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The Seventh Sunday of Easter
May 12, 2013
The First Lesson: Acts 16:16-34
Sermon: "Supercharged"

The Very Reverend Dr. Richard (Rick) Miles

Watch the complete video of this service on our YouTube Channel

The First Lesson:

With Paul and Silas, we came to Philippi in Macedonia, a Roman colony, and, as we were going to the place of prayer, we met a slave girl who had a spirit of divination and brought her owners a great deal of money by fortune-telling. While she followed Paul and us, she would cry out, "These men are slaves of the Most High God, who proclaim to you a way of salvation." She kept doing this for many days. But Paul, very much annoyed, turned and said to the spirit, "I order you in the name of Jesus Christ to come out of her." And it came out that very hour.

But when her owners saw that their hope of making money was gone, they seized Paul and Silas and dragged them into the marketplace before the authorities. When they had brought them before the magistrates, they said, "These men are disturbing our city; they are Jews and are advocating customs that are not lawful for us as Romans to adopt or observe." The crowd joined in attacking them, and the magistrates had them stripped of their clothing and ordered them to be beaten with rods. After they had given them a severe flogging, they threw them into prison and ordered the jailer to keep them securely. Following these instructions, he put them in the innermost cell and fastened their feet in the stocks.

About midnight Paul and Silas were praying and singing hymns to God, and the prisoners were listening to them. Suddenly there was an earthquake, so violent that the foundations of the prison were shaken; and immediately all the doors were opened and everyone's chains were unfastened. When the jailer woke up and saw the prison doors wide open, he drew his sword and was about to kill himself, since he supposed that the prisoners had escaped. But Paul shouted in a loud voice, "Do not harm yourself, for we are all here." The jailer called for lights, and rushing in, he fell down trembling before Paul and Silas. Then he brought them outside and said, "Sirs, what must I do to be saved?" They answered, "Believe on the Lord Jesus, and you will be saved, you and your household." They spoke the word of the Lord to him and to all who were in his house. At the same hour of the night he took them and washed their wounds; then he and his entire family were baptized without delay. He brought them up into the house and set food before them; and he and his entire household rejoiced that he had become a believer in God.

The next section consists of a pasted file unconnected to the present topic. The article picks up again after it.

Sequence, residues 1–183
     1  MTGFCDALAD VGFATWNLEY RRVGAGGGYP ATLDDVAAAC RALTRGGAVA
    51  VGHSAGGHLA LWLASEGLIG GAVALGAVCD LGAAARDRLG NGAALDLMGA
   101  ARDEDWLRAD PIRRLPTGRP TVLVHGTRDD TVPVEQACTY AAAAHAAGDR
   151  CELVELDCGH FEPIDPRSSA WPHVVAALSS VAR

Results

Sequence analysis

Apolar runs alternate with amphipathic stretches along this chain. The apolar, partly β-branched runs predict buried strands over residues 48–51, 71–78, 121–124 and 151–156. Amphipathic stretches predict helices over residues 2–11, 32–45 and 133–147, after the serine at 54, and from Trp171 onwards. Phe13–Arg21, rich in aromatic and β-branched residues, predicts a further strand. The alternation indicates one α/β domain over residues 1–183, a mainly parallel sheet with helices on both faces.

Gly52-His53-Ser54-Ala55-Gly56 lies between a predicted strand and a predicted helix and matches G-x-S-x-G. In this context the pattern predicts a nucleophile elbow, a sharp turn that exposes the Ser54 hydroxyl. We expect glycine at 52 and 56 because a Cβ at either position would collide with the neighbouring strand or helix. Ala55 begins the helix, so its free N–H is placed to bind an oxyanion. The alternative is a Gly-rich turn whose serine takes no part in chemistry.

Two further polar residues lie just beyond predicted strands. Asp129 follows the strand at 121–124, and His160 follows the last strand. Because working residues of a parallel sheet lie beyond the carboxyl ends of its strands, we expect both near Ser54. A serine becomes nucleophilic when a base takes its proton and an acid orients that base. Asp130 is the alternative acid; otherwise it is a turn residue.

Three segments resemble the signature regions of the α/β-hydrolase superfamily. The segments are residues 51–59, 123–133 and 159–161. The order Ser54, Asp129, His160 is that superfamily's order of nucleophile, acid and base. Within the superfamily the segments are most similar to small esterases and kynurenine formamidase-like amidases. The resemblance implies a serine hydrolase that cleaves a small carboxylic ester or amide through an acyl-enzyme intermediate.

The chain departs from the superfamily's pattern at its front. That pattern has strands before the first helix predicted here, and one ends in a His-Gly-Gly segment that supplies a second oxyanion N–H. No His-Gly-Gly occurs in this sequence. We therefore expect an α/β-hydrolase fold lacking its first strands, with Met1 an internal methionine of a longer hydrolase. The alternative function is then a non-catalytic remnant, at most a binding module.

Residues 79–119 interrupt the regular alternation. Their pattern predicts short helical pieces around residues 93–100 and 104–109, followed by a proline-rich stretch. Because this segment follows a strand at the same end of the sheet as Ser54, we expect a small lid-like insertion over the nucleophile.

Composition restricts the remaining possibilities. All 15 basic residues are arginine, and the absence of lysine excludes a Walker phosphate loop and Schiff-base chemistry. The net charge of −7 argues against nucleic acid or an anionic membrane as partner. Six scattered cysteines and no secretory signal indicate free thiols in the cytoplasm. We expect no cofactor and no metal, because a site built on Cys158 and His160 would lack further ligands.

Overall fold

Acts 16:16-34


Next time you’re trying to exit a shopping center parking lot on a really busy shopping day and some driver lets you cut in line in front of them, give thanks to God because, according to some new research, there’s a good chance that driver is a religious person.

But maybe, if the research is right, it’s that person’s fellow worshipers who should be thanked as well. The study, conducted by Harvard professor Robert Putnam and Notre Dame scholar David Campbell, was published about two years ago in their book Amazing Grace: How Religion Is Reshaping Our Civic and Political Lives

According to their study, religious people are three to four times more likely to be involved in their neighborhoods and their civic community than are nonreligious people. By religious, incidentally, they mean people who are actively involved in a faith community, such as a church. Just being “spiritual”, as many people are apt to refer to themselves these days, without the group dynamic of a congregational connection, gets about the same results as nonreligious. Religious folks are more apt to work on community projects, belong to voluntary associations, vote in local elections, attend public meetings and donate both time and money to public causes, including secular ones.

The study also shows that religious people are, in general, just “nicer.” They do good deeds, help both neighbors and strangers, give money to panhandlers and let others cut in front of them in line.

But here’s why you might want to thank the driver’s fellow worshipers as well as God: Putnam and Campbell say the reason religious people are nicer and are better citizens isn’t just because of religious teaching, per se. They’re behaving well not because they’re trying to secure a place in heaven or because they’re afraid of divine judgment; rather, they’re that way because of the relationships they have in their places of worship. The authors theorize that if someone from our “moral community” (as opposed to, say, someone from our bowling league) asks us to volunteer for a cause, we’re more likely to agree. The authors are so impressed by the data on these relationships that they say faith community relationships should be dubbed “supercharged friends.”

Our reading from Acts this morning is a case in point. The action takes place in Philippi, where Paul and Silas are tossed in jail on trumped-up charges of “disturbing our city” and “advocating customs that aren’t lawful for us as Romans to adopt or observe.” And before being thrown in jail, the pair are stripped and beaten with rods. All this because Paul called a demon to come out of a slave girl, thereby depriving her owners of income they made from her fortune-telling. This trouble happens to Paul and Silas, and they go through it together. While the whole affair was painful and terrible, the companionship and goals held in common by these two missionaries made it somewhat easier to bear. The text suggests this, for after Paul and Silas are flogged and put into the dungeon in stocks, they together pray and sing hymns. Here was a supercharged friendship if there ever was one.